Final Fantasy 15 director delves into the specifics behind two-month delay

Posted on 08/29 21:16 in | 0

After making a big deal over Final Fantasy 15's September 30 release date at March's Uncovered event, Square Enix has made the difficult decision to push the release date of the long-awaited entry in its flagship RPG franchise to November 29. According to an interview with game director Hajime Tabata in Japanese gaming magazine Famitsu (as translated by Kotaku), it's because there's still quite a bit of bug-squashing left to do. 

Tabata had already explained some of the reason for the delay in a lengthy video before Gamescom - namely that the team is currently working on a 'day one' patch and would rather include the patch on the disc - but this interview sheds some light on exactly what needs work. 

“There are still of number of bugs like characters floating unnaturally in the air or appearing all strange,” Tabata told Famitsu. These are the sorts of bugs that plague many open world games (I remember playing Dragon Age Inquisition at launch and watching my party stop what they were doing to climb invisible ladders to nowhere), and while they may not game-breaking, Tabata wants to ensure that these sorts of things don't pop up at launch. That's in addition to frame rate bugs and other optimization issues that currently need work within Final Fantasy 15. These issues - as well as additional refinement of "game balance" - should be covered by the day one patch.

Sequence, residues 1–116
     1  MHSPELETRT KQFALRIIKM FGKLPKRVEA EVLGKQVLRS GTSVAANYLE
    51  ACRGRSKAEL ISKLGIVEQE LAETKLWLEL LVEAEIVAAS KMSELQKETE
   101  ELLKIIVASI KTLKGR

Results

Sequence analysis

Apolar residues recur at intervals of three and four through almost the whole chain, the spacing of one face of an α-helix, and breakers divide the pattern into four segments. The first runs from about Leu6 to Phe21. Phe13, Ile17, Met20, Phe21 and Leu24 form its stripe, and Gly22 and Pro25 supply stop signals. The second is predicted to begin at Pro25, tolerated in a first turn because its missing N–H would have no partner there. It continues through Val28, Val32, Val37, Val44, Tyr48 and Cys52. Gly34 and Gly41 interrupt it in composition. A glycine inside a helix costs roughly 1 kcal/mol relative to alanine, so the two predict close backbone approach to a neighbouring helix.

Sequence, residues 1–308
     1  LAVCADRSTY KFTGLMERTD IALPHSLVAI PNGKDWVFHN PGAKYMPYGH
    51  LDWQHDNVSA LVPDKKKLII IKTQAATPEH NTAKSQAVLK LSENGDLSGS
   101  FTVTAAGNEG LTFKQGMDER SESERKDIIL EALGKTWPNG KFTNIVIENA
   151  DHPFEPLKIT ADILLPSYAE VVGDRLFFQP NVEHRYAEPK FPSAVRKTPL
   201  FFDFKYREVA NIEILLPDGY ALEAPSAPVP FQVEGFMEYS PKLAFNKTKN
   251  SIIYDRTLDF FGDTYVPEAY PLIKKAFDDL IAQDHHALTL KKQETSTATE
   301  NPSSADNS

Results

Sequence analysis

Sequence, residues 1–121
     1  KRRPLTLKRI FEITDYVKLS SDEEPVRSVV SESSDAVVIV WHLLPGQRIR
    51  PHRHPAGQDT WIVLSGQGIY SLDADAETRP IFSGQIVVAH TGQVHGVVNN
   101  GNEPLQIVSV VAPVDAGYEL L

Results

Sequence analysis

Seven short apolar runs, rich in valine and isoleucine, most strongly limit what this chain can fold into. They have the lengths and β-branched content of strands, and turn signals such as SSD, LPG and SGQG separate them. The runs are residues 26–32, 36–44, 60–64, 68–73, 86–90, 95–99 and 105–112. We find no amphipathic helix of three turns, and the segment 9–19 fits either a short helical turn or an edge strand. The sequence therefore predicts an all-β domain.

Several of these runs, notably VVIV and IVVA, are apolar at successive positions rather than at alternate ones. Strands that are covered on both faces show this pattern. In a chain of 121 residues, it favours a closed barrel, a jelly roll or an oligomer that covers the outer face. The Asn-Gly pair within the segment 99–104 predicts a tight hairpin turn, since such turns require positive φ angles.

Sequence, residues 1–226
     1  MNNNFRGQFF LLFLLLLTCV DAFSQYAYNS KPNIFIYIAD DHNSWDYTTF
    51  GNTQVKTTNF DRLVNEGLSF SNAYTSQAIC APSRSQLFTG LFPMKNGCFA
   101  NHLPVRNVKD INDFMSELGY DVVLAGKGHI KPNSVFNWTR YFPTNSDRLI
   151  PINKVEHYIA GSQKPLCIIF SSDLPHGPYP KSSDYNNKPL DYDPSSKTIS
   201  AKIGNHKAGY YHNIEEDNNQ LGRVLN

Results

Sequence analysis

Where Tabata wants the additional time though, is in taking that patch and actually putting it on the retail disc. He cited a statistic that over 20 percent of Japanese gamers don't have the ability to access the internet to patch their game for whatever reason, and wants all players to be able to experience the best version of Final Fantasy 15 without having to count on a download.

It's an admirable request, and one that's worth taking the time to make sure it's done right, especially considering the pressure on Final Fantasy 15 to revitalize the brand on a global scale.  

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